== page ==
This isn’t just an ethics issue.  It’s what I call back loaded bribery, and it is a cancer on the American body politic.

The Darkside of Obamacare

This is Grim

The problem with the PPACA is that it relies to a large degrees on the better angels of the insurance companies.

You probably notice the problem here. The Venn diagram of “Insurance Companies” and “Better Angels” is a null set:

The health care costs that Americans pay out-of-pocket are rising–both in total amount, which is perhaps not a surprise, but also as a share of incomes, which is perhaps more disturbing. Ann Foster discusses the pattern in “Household healthcare spending in 2014,”  written as a “Beyond the Numbers” short essay for the US Bureau of Labor Statistics (August 2016, vol. 5, no. 13). She has lots of details of spending in particular areas, but here’s an overall figure showing out-of-pocket spending by households as a total amount (left axis) and as share of total expenditures (right-hand axis).

Part of the reason for this rise is that more Americans have health care insurance with high deductibles: that is, the amount you pay out of pocket before the insurance kicks in. Here’s some information from the most recent Kaiser Family Foundation 2016 Employer Health Benefits Survey.  The report notes:

“[T]he share of covered workers in plans with a general annual deductible has increased significantly over time: from 55% in 2006, to 74% in 2011, to 83% in 2016, as have the average deductible amounts for covered workers in plans with deductibles: from $584 in 2006, to $991 in 2011, to $1,478 in 2016.”

One of the central conceits of Obamacare is that if “Consumers”* have “Skin in the game” it will constrain healthcare costs.

This ignores the looting by insurance companies, pharma, as hospitals, as well as the fact that the price of medicine in all forms is ruinously expensive in relation to every other industrialized nation on the face of the earth.

Obama, and the rest of his nudge theory obsessed free market mousketeers, are completely captured by the Chicago School world view.

I would note that the Chicago boys have been wrong about everything since Mrs. O’Leary’s cow knocked over that damn lantern.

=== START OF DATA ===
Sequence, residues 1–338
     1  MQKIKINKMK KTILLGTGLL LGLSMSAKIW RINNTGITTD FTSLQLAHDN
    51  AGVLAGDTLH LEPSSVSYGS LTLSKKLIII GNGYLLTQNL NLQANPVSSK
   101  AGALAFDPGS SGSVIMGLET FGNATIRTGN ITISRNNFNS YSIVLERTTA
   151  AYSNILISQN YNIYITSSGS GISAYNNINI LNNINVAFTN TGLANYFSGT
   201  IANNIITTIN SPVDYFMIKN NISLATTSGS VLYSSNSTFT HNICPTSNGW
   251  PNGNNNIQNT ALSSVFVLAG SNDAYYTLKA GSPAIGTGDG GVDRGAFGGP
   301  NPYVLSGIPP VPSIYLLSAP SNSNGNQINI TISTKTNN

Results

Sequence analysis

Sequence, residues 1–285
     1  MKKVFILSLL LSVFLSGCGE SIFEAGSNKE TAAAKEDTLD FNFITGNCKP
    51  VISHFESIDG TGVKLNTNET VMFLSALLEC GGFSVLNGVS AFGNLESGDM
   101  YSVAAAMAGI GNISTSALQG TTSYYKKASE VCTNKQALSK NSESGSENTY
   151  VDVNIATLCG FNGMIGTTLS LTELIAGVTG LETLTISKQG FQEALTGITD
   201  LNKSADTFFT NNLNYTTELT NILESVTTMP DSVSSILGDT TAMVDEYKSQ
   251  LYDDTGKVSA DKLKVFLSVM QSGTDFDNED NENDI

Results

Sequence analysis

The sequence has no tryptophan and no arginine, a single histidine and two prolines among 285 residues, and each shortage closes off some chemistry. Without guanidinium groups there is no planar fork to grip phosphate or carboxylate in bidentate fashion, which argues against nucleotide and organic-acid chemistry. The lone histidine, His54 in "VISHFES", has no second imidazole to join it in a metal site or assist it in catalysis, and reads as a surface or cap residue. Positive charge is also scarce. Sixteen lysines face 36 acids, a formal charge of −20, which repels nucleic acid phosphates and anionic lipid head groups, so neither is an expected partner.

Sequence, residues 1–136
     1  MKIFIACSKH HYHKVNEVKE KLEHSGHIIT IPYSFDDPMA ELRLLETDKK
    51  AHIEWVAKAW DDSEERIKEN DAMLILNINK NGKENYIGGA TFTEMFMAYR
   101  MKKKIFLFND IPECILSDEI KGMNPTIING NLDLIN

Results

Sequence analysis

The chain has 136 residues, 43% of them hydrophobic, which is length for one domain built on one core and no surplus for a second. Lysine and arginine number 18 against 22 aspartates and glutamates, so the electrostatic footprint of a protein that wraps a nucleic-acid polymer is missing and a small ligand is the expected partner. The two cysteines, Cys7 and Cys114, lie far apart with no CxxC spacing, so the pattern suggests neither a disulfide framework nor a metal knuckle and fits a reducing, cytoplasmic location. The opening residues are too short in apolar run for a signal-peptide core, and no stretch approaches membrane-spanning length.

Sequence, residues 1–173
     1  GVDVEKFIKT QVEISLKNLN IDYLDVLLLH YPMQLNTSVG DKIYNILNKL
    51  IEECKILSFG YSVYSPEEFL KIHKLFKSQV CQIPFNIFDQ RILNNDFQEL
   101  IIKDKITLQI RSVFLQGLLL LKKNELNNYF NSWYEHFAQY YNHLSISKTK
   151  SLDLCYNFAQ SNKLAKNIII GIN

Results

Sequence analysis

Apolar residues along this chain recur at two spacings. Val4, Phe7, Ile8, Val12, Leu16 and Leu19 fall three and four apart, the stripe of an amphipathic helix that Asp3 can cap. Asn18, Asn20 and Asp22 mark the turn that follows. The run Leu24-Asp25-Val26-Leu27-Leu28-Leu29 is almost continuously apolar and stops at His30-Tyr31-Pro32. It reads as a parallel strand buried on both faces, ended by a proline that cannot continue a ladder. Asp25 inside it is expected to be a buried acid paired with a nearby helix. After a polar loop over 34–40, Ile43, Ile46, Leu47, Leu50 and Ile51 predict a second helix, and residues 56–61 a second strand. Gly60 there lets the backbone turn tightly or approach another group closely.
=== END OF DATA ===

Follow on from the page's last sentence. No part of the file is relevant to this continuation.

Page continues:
*Consumers, never citizens, because we have no significance beyond consumption.
Nudge theory posits that by making small market based influences, you can accomplish anything without significant government intervention.
It’s also almost complete bullsh%$.

Doing the Right Only Requires Months of Public Shaming

For months, it has been known that Katherine Wade, former in-house lobbyist for CIGNA and now Insurance Commissioner for Connecticut, has had major conflicts of interests in the states review of the merger between Cigna and Anthem. (Her husband is a lawyer for Cigna as well)

She has finally agreed to recuse herself from reviewing the merger:

Connecticut Gov. Dannel Malloy’s top insurance regulator, Katharine Wade, agreed to recuse herself from her state’s review of a massive healthcare merger between Anthem and Cigna, amid mounting criticism of her ties to Cigna. Wade had been leading a multistate review of the deal, which critics say could raise insurance premiums for 53 million Americans across the country. The recusal announcement came from Wade’s attorney during a meeting of the Office of State Ethics, which has been investigating the situation.

The merger between Anthem and Cigna appeared to be moving forward for months, but was thrown into turmoil after a months-long International Business Times investigative series into Wade and Malloy’s ties to Cigna. That series prompted a state ethics probe — and soon after the Department of Justice sued to block the merger.


As IBT’s series documented, Cigna and Anthem pumped campaign cash into the Democratic Governors Association — which is run by Malloy — at the very time they were pursuing their merger. While the cash flowed into the group, Malloy appointed Wade to head his state’s insurance department. She had served as an in-house lobbyist for Cigna, is married to a Cigna attorney and is the daughter-in-law of another attorney listed as representing the company. Malloy’s administration also promised to help Cigna if it pursued the merger.